Hoeven: UND Selected to Participate in DOE Feasibility Study
WASHINGTON – Senator John Hoeven, a member of the U.S. Senate Energy and Appropriations Committees, today announced that the Department of Energy (DOE) has selected the University of North Dakota (UND) to participate in a project that will study the feasibility of using salty water, or brine, from carbon dioxide (CO2) storage sites to produce fresh water. UND will also receive funding from the DOE to develop and validate methods to manage the pressure and flow of CO2 in saline formations through a Brine Extraction Storage Test. In doing so, brine can be extracted from the formation, separating fresh water.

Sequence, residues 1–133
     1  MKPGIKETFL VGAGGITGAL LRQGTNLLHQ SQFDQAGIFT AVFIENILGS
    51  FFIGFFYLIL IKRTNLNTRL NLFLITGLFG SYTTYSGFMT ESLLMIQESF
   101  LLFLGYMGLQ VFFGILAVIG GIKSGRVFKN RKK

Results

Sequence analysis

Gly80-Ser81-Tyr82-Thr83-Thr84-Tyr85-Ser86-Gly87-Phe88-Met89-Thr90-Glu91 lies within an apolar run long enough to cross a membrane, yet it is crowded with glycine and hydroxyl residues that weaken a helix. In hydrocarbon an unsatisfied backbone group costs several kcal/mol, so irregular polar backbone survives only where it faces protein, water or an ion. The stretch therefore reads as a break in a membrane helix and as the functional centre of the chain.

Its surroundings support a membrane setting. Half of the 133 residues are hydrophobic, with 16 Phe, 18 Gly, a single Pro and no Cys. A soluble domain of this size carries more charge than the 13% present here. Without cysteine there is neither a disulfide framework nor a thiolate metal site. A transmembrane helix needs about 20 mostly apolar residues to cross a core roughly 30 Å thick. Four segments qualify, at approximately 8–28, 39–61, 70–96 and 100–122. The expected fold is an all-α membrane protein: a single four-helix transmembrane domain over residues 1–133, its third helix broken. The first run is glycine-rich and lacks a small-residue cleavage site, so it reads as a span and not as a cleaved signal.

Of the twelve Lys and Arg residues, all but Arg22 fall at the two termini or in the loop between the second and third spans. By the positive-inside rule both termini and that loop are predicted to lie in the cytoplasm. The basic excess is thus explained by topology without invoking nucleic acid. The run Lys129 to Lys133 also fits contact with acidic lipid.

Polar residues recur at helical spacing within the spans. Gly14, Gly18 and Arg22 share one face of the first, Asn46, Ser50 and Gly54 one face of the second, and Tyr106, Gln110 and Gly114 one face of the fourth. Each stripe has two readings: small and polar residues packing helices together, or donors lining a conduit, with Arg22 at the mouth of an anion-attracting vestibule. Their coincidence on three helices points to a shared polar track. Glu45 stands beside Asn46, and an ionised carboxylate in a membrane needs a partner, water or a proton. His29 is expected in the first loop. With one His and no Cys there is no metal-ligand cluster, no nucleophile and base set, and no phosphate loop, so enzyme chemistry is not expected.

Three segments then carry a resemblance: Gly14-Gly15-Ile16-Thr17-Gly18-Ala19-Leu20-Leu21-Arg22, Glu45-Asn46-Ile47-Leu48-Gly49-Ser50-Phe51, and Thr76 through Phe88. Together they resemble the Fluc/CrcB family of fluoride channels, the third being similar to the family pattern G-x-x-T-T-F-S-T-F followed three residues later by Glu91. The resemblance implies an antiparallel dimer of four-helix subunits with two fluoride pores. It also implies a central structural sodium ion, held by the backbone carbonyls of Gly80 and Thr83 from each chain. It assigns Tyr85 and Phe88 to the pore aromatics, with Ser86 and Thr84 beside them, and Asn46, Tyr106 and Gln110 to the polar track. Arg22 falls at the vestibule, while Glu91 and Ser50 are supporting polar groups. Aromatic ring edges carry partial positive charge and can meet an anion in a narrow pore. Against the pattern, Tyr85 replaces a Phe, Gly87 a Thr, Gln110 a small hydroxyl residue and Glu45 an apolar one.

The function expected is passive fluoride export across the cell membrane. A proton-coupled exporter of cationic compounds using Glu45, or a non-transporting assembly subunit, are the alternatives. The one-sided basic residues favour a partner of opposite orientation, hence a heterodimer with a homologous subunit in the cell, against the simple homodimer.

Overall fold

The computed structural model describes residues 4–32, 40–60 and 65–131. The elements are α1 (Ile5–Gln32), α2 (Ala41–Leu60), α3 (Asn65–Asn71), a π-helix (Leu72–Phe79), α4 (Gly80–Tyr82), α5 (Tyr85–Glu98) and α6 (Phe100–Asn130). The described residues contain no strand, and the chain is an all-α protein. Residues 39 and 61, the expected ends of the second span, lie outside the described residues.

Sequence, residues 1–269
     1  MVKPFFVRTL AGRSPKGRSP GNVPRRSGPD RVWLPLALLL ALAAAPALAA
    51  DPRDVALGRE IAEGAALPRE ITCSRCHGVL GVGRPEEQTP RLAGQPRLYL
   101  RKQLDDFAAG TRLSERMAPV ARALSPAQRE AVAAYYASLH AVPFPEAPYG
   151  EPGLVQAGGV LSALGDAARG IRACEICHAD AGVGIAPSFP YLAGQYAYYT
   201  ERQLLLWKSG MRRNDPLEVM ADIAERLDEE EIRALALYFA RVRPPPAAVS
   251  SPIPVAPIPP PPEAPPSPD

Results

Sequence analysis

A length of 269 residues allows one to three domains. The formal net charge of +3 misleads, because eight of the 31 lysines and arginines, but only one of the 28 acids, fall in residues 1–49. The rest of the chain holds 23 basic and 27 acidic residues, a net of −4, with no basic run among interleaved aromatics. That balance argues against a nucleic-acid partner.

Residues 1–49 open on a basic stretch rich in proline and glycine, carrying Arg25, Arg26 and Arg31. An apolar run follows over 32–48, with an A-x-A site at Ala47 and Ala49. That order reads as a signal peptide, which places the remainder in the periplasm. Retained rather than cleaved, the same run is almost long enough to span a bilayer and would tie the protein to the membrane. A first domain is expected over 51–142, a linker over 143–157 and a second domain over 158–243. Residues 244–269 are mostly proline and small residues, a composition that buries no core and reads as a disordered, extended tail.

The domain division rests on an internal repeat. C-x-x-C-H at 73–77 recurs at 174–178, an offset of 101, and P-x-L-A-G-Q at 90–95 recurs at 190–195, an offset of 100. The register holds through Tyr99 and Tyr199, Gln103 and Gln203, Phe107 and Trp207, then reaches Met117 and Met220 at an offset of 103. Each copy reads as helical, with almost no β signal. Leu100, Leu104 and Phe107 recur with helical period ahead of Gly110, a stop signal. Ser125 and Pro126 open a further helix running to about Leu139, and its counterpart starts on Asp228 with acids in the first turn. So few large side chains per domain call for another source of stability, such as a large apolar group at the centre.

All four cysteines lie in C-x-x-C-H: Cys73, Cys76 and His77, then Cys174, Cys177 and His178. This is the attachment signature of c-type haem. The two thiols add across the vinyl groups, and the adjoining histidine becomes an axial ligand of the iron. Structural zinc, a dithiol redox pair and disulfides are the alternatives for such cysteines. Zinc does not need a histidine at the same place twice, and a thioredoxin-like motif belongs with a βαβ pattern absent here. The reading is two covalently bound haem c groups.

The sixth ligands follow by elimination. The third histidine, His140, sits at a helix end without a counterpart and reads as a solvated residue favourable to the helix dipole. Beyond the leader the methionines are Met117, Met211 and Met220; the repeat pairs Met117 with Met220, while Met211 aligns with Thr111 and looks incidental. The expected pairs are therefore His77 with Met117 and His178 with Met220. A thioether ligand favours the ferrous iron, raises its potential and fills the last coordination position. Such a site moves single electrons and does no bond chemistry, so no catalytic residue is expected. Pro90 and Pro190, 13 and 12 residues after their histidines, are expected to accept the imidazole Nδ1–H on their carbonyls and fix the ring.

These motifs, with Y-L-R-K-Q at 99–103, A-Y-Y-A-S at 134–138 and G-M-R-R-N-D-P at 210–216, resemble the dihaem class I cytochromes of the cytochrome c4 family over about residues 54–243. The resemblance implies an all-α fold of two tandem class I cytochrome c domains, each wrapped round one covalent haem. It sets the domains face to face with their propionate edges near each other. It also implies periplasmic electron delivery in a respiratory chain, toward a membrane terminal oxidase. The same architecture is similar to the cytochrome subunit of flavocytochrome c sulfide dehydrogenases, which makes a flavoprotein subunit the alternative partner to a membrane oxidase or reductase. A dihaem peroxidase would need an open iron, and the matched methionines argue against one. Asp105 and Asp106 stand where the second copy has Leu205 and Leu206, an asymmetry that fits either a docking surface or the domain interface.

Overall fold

“The University of North Dakota is a top-notch research institution that contributes to innovation not only in North Dakota but also across the nation,” Hoeven said. “The Department of Energy’s decision to include UND in this feasibility study reflects that, and will allow the university to embark on research that will help millions of people around the world who do not have access to water.”
In August, Hoeven announced that the U.S. Department of Energy awarded a $400,000 grant to the Energy & Environmental Research Center at UND to support the development of a safe and efficient intelligent monitoring system for the geological storage of carbon dioxide.
Last July, Hoeven also announced that UND won a $25,000 award in the General Electric and Statoil joint competition for energy innovations.
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